Ever since then, I’ve thought about making a contribution to Wikipedia. Not only do I want to pay it forward and help others who use Wikipedia like me, I also want to help change the ratio of how many contributions are made by women. While I don’t have anything against men editing pages for Wikipedia, I don’t want them to be the only ones writing our history. I think it’s important that women’s memories and perspectives are included and preserved.

Did you know that less than 15% of Wikipedia’s contributions are made by women? Of the 30,000-40,000 daily edits to the English Wikipedia site this month (June 2013), only about 1500-2000, or roughly 5%, are made by women. (Note about chart: Drop-off on June 24 is due to the time of day – early morning – that the snapshot was taken.)


Chart showing gender gap in Wikipedia edits during June

Even though I wanted to make a contribution to Wikipedia, I just never got around to it. Well, until I wrote a blog post about professional bucket lists where I shared what’s on mine. Yup, writing for Wikipedia was on my bucket list. Boring, but true.

What changed when I wrote that blog post? Research shows we’re more likely to accomplish something by sharing it with others. (You can read a summary of this research by Gail Matthews, PhD, published on the Dominican University web site.) In fact, as soon as I wrote the first draft of that blog post, I took the plunge into Wikipedia. And, it was a cake walk! I chose to contribute to two software projects that I had worked on earlier in my career:


If you’re a woman and you’re already contributing to wikipedia, thank you!  If you’re not already on Wikipedia, please consider creating an account and sharing your knowledge. Either way, be sure to specify your gender in your account preferences to have your contributions count towards changing the ratio. (The default gender setting is “Undisclosed.”)


P.S. Interested in more statistics about Wikipedia? Here are just a few:



A simple yet powerful phrase

by Karen Catlin

[dropcap bg=”#ba82e0″ color=”#ffffff”]If[/dropcap]you receive the Femgineer weekly email, you’ll remember that last week’s theme was about clarity, and how we often beat around the bush instead of just asking for what we want. I’m as guilty of this as the next person! Even if I think I’m being direct, I make mistakes such as:

  • Using passive voice, which dilutes an otherwise direct request. “The dishwasher needs to be emptied.” vs “Please empty the dishwasher.”
  • Using extra words that take away from the clarity of my ask. “It would be great if you could take out the trash.” vs. “Please take out the trash.”


Yes, the simplest phrases are the most powerful. My favorite is one that I heard at a seminar for parents at my children’s high school. The speakers shared statistics about teenage drug & alcohol use and told us about their first-hand experiences with addiction. They also recommended that we tell our kids, “My expectations are that you won’t do illegal drugs and that you won’t drink until you are 21, and then that you will do so responsibly.”

I felt like hitting myself on the side of the head. While I wanted my children to stay away from drugs and alcohol, I don’t think I had ever explicitly told them. At breakfast the next morning, I mentioned the seminar, and I replayed the exact phrase, “My expectations are…”

Will these words alone be enough to keep my kids from experimenting? Of course not. But, by saying them, I reinforced our family values in the context of drug use and underage drinking, and I felt I was doing so in a way that was respectful and demonstrated that I trusted them to make good choices.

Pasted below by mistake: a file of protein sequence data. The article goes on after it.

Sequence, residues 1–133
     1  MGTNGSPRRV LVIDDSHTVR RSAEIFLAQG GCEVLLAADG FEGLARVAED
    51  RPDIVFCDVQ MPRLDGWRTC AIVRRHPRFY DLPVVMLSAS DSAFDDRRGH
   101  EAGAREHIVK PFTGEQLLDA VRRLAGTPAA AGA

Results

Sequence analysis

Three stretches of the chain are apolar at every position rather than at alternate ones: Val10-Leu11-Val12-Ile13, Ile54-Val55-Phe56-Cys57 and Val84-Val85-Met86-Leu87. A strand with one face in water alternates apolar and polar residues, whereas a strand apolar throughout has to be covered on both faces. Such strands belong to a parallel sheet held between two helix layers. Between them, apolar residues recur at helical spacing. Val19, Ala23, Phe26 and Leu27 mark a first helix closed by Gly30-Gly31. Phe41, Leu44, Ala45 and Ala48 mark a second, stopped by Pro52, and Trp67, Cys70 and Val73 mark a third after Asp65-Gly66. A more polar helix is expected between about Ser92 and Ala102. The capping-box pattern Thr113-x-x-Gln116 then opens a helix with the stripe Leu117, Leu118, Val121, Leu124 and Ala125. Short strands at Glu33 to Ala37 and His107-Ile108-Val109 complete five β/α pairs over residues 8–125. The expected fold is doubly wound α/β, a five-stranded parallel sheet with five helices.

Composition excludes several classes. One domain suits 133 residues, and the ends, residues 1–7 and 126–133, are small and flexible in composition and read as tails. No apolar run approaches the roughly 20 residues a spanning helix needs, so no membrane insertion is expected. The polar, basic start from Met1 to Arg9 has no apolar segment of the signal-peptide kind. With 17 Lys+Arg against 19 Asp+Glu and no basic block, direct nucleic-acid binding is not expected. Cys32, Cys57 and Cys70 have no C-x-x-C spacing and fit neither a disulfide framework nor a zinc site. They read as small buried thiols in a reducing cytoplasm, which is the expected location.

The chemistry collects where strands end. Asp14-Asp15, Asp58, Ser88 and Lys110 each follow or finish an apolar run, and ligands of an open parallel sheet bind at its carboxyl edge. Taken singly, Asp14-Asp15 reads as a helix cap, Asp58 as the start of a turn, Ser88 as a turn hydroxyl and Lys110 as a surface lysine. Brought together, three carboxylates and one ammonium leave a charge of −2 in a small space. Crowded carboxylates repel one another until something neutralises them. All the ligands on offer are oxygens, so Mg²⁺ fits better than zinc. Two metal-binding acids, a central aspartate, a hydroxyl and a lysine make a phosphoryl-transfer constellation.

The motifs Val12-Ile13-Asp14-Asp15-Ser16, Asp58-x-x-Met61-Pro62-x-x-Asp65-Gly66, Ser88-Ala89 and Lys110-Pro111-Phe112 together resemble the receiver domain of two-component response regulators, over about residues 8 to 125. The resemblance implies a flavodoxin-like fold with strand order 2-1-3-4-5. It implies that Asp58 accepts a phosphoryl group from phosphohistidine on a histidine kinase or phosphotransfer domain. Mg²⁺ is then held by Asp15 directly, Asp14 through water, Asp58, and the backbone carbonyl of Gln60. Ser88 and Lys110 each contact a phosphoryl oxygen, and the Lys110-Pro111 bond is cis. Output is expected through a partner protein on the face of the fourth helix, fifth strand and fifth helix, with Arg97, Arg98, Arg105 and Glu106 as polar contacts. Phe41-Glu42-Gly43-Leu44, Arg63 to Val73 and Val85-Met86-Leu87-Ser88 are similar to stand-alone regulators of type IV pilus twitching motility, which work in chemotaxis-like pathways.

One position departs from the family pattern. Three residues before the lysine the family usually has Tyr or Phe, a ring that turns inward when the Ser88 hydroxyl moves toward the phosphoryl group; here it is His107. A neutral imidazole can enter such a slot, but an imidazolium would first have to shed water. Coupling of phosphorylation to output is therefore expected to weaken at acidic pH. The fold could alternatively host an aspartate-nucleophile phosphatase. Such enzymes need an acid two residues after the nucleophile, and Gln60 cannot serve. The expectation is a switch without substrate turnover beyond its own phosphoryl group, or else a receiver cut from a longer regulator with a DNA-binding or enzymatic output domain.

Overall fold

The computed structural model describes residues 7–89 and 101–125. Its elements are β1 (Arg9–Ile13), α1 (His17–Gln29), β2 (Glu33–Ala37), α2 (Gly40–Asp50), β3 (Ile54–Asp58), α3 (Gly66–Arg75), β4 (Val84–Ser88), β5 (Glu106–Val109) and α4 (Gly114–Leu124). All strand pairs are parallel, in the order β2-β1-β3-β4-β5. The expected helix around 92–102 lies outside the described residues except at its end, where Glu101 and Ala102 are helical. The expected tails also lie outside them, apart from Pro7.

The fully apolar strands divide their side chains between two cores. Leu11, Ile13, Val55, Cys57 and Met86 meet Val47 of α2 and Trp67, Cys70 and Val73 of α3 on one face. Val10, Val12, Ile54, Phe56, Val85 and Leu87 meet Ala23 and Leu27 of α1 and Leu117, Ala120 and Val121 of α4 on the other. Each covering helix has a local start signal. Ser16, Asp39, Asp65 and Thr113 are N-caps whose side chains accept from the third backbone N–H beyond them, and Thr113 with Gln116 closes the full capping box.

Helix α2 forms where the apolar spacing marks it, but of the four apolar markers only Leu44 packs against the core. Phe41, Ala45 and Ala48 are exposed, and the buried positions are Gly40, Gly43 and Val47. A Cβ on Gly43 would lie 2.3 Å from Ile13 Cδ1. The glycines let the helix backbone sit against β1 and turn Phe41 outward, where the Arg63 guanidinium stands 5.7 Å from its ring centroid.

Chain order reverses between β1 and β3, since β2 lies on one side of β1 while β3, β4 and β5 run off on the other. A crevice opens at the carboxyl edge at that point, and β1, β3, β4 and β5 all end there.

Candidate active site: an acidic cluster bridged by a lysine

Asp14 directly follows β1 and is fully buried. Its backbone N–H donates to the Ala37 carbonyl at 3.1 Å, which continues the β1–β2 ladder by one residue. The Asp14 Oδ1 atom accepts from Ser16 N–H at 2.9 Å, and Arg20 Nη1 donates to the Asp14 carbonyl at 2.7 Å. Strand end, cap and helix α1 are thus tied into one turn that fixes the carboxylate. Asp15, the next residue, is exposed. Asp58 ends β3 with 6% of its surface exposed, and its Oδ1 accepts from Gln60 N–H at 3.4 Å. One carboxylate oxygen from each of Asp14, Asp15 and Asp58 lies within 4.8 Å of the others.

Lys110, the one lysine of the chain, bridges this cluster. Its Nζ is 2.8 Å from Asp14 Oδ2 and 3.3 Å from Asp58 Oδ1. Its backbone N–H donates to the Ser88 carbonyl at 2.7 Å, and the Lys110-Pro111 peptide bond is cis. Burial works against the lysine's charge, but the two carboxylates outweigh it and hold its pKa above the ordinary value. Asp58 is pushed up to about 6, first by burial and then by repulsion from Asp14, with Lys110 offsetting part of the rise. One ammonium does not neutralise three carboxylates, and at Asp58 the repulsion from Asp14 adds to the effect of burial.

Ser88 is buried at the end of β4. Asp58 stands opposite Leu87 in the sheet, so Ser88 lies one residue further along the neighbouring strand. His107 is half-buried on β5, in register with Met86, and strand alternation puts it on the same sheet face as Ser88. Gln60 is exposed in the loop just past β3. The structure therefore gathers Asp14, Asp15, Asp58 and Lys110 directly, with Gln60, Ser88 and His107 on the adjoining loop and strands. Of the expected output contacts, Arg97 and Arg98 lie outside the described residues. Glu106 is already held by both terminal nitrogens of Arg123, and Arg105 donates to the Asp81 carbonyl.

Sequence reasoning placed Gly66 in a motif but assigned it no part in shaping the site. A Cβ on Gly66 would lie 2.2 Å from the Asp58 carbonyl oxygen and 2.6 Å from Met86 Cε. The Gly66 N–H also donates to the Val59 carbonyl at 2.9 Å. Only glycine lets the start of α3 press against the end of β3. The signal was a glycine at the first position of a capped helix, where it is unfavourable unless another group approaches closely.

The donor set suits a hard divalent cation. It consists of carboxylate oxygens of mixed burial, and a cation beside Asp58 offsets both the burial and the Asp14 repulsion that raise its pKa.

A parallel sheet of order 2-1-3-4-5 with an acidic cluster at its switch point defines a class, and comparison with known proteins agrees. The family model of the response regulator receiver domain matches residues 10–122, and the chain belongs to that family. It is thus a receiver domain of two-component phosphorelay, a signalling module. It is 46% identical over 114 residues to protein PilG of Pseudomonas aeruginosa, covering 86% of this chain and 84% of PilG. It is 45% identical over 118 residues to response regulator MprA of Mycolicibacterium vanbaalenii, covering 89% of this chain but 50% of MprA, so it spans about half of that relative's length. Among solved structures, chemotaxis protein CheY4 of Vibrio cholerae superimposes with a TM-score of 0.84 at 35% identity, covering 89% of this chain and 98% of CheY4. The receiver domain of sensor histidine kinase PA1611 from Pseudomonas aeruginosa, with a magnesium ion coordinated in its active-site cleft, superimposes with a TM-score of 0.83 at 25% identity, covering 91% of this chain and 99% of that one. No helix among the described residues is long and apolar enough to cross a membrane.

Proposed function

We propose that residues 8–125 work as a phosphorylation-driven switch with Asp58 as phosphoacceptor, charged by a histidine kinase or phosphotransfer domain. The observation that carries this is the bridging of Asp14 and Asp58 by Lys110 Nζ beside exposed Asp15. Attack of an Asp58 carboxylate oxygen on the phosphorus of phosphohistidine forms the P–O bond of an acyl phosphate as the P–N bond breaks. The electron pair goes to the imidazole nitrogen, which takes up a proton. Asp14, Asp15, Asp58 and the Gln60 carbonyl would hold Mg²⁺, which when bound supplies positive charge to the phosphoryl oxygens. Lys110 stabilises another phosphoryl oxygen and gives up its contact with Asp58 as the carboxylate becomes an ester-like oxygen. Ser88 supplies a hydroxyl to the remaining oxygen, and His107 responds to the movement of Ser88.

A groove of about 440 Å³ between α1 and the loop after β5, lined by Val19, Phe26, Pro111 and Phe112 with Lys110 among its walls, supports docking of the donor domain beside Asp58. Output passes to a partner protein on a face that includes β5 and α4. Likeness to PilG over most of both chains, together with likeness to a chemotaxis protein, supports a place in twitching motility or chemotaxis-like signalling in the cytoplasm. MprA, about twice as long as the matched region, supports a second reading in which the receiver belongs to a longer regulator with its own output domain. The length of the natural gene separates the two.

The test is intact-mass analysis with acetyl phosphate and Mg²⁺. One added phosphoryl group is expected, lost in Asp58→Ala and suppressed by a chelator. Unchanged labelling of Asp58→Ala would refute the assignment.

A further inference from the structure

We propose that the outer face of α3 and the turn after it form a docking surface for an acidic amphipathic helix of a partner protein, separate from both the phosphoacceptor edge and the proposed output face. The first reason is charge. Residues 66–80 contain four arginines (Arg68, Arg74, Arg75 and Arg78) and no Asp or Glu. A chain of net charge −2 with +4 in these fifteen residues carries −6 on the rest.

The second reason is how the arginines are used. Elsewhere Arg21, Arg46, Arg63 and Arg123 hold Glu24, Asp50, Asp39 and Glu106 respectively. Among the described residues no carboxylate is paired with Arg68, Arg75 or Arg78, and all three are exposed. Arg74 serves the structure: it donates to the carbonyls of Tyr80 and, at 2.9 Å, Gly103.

[dropcap bg=”#ba82e0″ color=”#ffffff”]It[/dropcap]got me thinking about the equivalent in leadership, and how I could make use of the phrase, “My expectations are…” when I delegate projects, write performance reviews, and speak at employee meetings. Using these words, I could describe things in a way that would show my trust, motivate them, and perhaps even inspire them to achieve more than they thought they could. E.g., “My expectations for the budget proposal are that you will deliver an executive summary with a detailed spreadsheet, by the deadline, and that you will identify the right people to work with so that the proposal is accepted quickly.”

To explore using this phrase in a written performance evaluation, I decided to dust off some of my past reviews. In one, a manager gave me somewhat vague input into what I should be doing:

  • “Over the coming year it will be very helpful for you to continue your advocacy for your group and the collaboration with the business units…”
  • “I encourage you to focus more time on a longer term roadmap for your group…”
  • “I also encourage you to continue building out your thoughts on areas for you to have greater impact than you even do now at the company and where that may lead to developing skills further…”


Imagine how much more effective and empowering his guidance would have had if he had used the “My expectations are” phrase:

  • “Over the coming year, my expectations are that you will meet with all the key players in the business units, ensuring that there is excellent collaboration…”
  • “My expectations are that you will deliver a 3-year roadmap for your group…”
  • “My expectations are that you will identify two new service offerings, along with a plan for developing and rolling them out to the company.


So much better!

[dropcap bg=”#ba82e0″ color=”#ffffff”]?[/dropcap]Do you have a favorite simple yet powerful phrase to convey values, rules, directives, or goals? Please share it in the comments. I look forward to hearing from you.


Karen Catlin, a former software industry executive, is now a leadership coach and the latest member of the Femgineer team. She is passionate about helping women have successful careers in tech. She’s also the author of “Use Your Inside Voice“, a blog about the intersection of leadership and parenting; a version of this post was originally published there. Find her on Twitter at @kecatlin.